HARRISBURG -- About 5 million people will be without health care next year that they would have gotten simply if they lived somewhere else in America.
They make up a coverage gap in President Barack Obama's signature health care law created by the domino effects of last year's Supreme Court ruling and states' subsequent policy decisions.
The court effectively left it up to states to decide whether to open Medicaid, the federal-state program for the poor and disabled, to more people -- primarily poor working adults without children. Twenty-five states declined.
That leaves 4.8 million people in those states without the health care coverage their peers elsewhere are getting through the Medicaid expansion, according to a Kaiser Family Foundation estimate. More than one-fifth of them live in Texas alone, Kaiser's analysis found.
Among those in the gap is Cheryl Jones, 61, an Erie part-time home care worker, who makes do without health insurance by splitting in half high blood pressure pills she gets from a friend, not a pharmacist. She would also like to visit a dentist to fix her broken partial dentures. A new pair of glasses might be nice, too.
"There are a lot of us who need medical help now," she said. "I need new glasses, I need to go to a dentist, I need my medicine. ... Think about us working poor. We pay our taxes."
The Medicaid expansion was supposed to work hand-in-hand with tax credits subsidizing private insurance for those with slightly higher incomes, two keys to the law's broader aim of extending health insurance to 30 million more people. As an enticement for states to expand Medicaid, the federal government promises to pay nearly all of the cost.
Without expansion, the law is unable to help those below the income threshold where tax credits kick in, about $11,500 for working adults.
On Wednesday, 24 states and Washington, D.C., will extend Medicaid to more than 4 million adults who would otherwise fall into the same gap as Ms. Jones. Access to the care they'll get is similar to that of those with private insurance, said Joan Alker, executive director of Georgetown University's Center for Children and Families.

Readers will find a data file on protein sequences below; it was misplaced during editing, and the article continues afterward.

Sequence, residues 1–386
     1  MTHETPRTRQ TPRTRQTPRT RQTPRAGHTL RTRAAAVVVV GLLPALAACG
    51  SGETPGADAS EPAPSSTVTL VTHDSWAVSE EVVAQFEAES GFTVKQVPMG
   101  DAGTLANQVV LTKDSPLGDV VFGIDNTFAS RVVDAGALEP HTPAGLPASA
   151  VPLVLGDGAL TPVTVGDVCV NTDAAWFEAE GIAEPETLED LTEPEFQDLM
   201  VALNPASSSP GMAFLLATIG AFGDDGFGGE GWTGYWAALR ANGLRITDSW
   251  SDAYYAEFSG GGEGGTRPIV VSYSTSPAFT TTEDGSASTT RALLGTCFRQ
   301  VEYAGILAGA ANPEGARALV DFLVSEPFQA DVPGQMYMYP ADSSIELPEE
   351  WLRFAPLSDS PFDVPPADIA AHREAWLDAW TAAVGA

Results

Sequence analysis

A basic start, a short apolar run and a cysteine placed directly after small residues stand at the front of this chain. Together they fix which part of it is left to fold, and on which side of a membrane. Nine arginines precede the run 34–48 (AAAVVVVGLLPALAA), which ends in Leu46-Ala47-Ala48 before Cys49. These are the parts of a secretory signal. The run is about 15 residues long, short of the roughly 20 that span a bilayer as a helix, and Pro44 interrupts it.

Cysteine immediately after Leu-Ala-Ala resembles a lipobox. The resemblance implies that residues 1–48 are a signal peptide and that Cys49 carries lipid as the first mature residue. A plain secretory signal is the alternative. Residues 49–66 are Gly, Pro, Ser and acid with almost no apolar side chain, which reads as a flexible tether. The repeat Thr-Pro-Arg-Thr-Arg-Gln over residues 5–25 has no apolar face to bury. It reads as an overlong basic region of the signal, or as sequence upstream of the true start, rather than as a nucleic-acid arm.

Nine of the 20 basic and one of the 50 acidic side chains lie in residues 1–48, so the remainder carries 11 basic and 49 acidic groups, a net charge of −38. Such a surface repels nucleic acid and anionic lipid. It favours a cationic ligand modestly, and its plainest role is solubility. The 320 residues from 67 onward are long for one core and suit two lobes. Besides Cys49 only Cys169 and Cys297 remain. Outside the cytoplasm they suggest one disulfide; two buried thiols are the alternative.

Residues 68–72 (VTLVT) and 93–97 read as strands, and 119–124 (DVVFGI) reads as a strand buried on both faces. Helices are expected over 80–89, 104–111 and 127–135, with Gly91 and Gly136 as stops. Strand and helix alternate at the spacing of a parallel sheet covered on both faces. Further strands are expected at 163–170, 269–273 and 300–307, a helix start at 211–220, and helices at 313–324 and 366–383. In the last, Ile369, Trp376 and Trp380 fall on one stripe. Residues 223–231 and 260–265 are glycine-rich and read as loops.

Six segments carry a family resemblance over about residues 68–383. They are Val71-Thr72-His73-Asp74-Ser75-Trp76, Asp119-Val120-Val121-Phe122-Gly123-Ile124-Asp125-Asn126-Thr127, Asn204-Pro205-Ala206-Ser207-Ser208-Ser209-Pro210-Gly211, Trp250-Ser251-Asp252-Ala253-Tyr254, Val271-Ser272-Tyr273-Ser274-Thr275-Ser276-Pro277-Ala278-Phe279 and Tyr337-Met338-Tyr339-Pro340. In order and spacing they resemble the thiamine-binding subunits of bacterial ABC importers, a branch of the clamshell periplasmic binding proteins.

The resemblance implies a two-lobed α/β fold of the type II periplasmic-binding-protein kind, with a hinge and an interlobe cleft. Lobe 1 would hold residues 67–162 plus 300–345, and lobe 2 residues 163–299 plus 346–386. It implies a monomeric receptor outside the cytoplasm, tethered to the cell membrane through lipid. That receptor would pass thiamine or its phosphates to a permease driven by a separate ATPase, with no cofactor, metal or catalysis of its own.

A 25th state, Michigan, plans to expand in April. Wisconsin effectively eliminated its gap without using the more generous federal contribution.
Politics is apparent in states' expansion decisions. Of those that did, all but five supported Mr. Obama in last year's election. Of those that declined, most are more conservative states in the South, Midwest and northern Rockies that voted against Mr. Obama.
One outlier is Pennsylvania, a moderate industrial belt state that supported Mr. Obama twice.
Republican Gov. Tom Corbett, who as attorney general sued unsuccessfully to overturn the health care law, instead plans to ask the federal government to approve an alternative to Medicaid expansion. He wants to use the law's generous Medicaid dollars to cover the same population via private insurance firms, while stripping down existing benefits under Medicaid, a target of conservatives' criticism.
With no guarantee of federal approval, hundreds of thousands of Pennsylvanians -- Kaiser estimates 281,000 -- could be stuck in the gap until at least 2015.
Mr. Corbett doesn't apologize for not expanding eligibility now. Administration officials say they want to be in a better position to create a successful, affordable program. "Our goal is to absolutely get this plan approved, so that every uninsured Pennsylvanian has health care options," Corbett aide Todd Shamash said. Mr. Corbett's office declined an interview.
Meantime, the uninsured who fall into this new Medicaid gap are selective about seeking care. "Their health care needs don't go away just because they're uninsured," Georgetown's Ms. Alker said, "and what they're missing out on is consistent primary and preventive care."
Shelagh Collins of Forest Hills in suburban Pittsburgh can get primary care at a federally funded community health center nearby, but can't afford more specialized treatment for joint pain that limits her ability to do certain jobs, she said. After she fell and hurt her hip in the spring, she couldn't pay for an MRI, she said. A friend's loan of $200 covered a month of physical therapy, but it didn't make the pain disappear.
Ms. Collins, 56, used to be a high-level administrative assistant at the Chicago Botanic Garden. Now, she gets by on occasional secretarial temporary work and unemployment compensation checks and tries to protect a 401(k) retirement account of $21,000 that she said makes her ineligible for Pennsylvania's current Medicaid program.
But the job market is brutal, temp work scarce, and her unemployment compensation is at an end, she said, adding, "I have never gone through anything like this in my life."
Lori Miller, 34, of Punxsutawney would like to see a doctor for headaches, blackouts and weakness that has made it difficult for the seamstress to pursue more work. She wonders if she's still suffering from a bicycle accident two years ago, for which she never sought treatment.
Living on about $7,000 a year, she said she can't afford a doctor visit. "I want to feel like that's an option to me, without worrying about, 'Do I have enough dollars to do that?' "